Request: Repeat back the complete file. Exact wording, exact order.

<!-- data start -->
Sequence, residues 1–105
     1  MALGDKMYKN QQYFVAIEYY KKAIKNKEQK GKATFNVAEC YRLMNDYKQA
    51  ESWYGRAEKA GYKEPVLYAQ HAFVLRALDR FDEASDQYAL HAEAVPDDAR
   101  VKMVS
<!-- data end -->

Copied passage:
Sequence, residues 1–105
     1  MALGDKMYKN QQYFVAIEYY KKAIKNKEQK GKATFNVAEC YRLMNDYKQA
    51  ESWYGRAEKA GYKEPVLYAQ HAFVLRALDR FDEASDQYAL HAEAVPDDAR
   101  VKMVS